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Babri Verdict: Three Reasons Based on Which Special CBI Judge Dismissed All Charges against Accused

File photo of the demolished Babri Masjid.

File photo of the demolished Babri Masjid.

All the charges, from obstructing a civil servant from discharging his/her duty to criminal conspiracy, were rejected by Special CBI court Judge SK Yadav in his 2,300-page verdict.

Exonerating all the 32 accused, including BJP leaders Lal Krishna Advani, Murli Manohar Joshi, Kalyan Singh, Uma Bharti, in the Babri Masjid demolition case, the special CBI court dismissed charges of criminal conspiracy against leaders of the Vishva Hindu Parishad (VHP) and Rashtriya Swayamsevak Sangh (RSS) noting that they were instead trying to protect themselves and the masjid from a section of the agitated kar sewaks.

All the charges, from obstructing a civil servant from discharging their duty to criminal conspiracy, were rejected by Special CBI court Judge Surendra Kumar Yadav in his 2300-page verdict.

In this explainer, News18 highlights the three main reasons why the court dismissed all the charges levelled by the CBI against the accused.

1. The violence by Kar Sewaks was spontaneous. The accused were, in fact, trying to save the structure.

The court noted that VHP leader Ashok Singhal was presiding over a symbolic ‘kar sewa’ for which five lakh kar sewaks were present at the site of dispute. Singhal, the court observed, had asked the kar sewaks to fetch a handful of soil and water from the Saryu river. Upon hearing this, a section of the kar sewaks got agitated and started pelting stones at the mosque.

“It is clear that the section that abruptly got agitated and became violent,” the court said, adding there was nothing to connect the unruly group of kar sewaks with the accused.

“Ashok Singhal even asked this section of kar sewaks to return, but they started attacking him instead. Some of them broke through the barricades and climbed on top of the structure… other leaders also tried to direct the kar sewaks out of the disputed site… Ashok Singhal and Vijaya Raje Scindia had no apprehension that a section of the Kar Sewaks would get agitated and will climb on top of the disputed structure and demolish it,” the court observed.

2. No way to connect objectionable slogans with the accused. Evidence provided by CBI was not sealed.

One of the evidence presented by the CBI was audio recording of some communal slogans calling for the demolition of the Babri Masjid on the fateful day. The court noted that “there were lakhs of kar sewaks present in the disputed site who were shouting the aforementioned slogans. As far as the question of the accused giving inciteful speeches is concerned, in this regard there is no audio recording matched with the voice sample of the accused that has been presented before the court”.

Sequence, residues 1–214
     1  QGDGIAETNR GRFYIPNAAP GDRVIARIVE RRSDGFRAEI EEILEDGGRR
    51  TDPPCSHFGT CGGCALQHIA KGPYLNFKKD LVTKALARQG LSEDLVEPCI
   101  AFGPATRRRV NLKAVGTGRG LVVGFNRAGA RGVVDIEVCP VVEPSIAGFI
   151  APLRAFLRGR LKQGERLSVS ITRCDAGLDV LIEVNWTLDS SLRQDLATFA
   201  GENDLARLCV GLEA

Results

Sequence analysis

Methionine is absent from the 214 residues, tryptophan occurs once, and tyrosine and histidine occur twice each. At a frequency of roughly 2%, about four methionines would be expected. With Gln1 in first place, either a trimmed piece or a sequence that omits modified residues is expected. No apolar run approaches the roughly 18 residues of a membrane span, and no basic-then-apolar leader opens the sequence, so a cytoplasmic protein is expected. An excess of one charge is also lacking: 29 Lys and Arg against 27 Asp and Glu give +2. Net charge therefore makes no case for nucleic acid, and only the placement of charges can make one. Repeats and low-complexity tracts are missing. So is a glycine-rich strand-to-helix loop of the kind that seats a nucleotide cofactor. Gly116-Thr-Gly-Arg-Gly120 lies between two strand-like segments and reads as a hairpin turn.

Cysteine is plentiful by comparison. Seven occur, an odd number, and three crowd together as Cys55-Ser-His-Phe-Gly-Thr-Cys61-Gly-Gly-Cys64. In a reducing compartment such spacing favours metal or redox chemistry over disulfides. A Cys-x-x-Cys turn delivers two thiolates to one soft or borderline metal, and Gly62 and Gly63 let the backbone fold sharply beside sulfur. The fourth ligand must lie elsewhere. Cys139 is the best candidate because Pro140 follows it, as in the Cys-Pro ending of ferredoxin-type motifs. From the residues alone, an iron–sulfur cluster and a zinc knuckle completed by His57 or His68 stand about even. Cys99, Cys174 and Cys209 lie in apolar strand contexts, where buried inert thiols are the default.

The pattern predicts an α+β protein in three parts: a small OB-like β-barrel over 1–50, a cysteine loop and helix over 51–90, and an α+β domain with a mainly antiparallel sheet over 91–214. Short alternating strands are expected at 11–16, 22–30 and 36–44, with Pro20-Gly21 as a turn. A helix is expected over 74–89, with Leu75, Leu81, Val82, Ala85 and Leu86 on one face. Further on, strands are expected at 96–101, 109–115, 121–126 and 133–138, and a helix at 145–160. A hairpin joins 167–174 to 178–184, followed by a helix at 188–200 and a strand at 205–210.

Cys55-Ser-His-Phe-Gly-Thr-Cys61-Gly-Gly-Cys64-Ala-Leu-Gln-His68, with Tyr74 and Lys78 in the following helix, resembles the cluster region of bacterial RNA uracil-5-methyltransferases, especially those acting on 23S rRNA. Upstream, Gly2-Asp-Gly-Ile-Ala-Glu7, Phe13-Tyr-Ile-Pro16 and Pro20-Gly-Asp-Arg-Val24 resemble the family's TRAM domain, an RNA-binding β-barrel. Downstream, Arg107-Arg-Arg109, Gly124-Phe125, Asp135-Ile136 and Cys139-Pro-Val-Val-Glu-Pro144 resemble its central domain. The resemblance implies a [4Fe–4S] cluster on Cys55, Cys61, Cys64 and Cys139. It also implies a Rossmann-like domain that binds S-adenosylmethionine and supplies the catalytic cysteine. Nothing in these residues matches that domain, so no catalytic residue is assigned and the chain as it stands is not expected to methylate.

The CBI had also furnished video and audio footage of allegedly inciteful speeches made by, among others, Sadhvi Rhitambara. The court noted that the audio copy of Sadhvi Rhitambara’s speeches presented before the court were not sealed. “Evidence in form of video cassettes and taped cassettes have been presented to the court but who gave which speech has not been established. If accused gave inciteful statements then those alone cannot be the basis on which they can be held guilty,” the court observed.

3. Accused were not aware that 144 Code of Criminal Procedure (CrPC) was imposed. Local intelligence establishes that communal harmony was intact.

The court noted that “the accused did not know that the assembly in the dispute site was declared unlawful assembly”, since violence began around 12 in the afternoon, by when nearly 5 lakh kar sewaks were already present at the disputed site, and Section 144 of the CrPC prohibiting assembly of four or more people was only imposed around 4 pm.

Regarding the argument that repeated warnings had been issued by the administration against the deteriorating communal atmosphere in the area by subsequent kar sewas, the court considered a report of the Local Intelligence Unit (LIU). From this report, the court noted, “It is clear that regarding the Kar Sewa there was no sense of agitation among the Muslims, only sadness. This establishes clearly the fact that Hindu-Muslim unity was still intact in Ayodhya at that time.”

The court also did not accept the evidence, in the form of newspaper clippings in which the accused allegedly admitted to their guilt. In two cases — of Lok Sabha MP Sakshi Maharaj and UP’s then Chief Minister Kalyan Singh — interviews of such nature were furnished before the court by CBI as evidence. The court observed that just because they gave a statement in their interview, the guilt of the accused was not established. “The crime still has to be proven,” the court observed.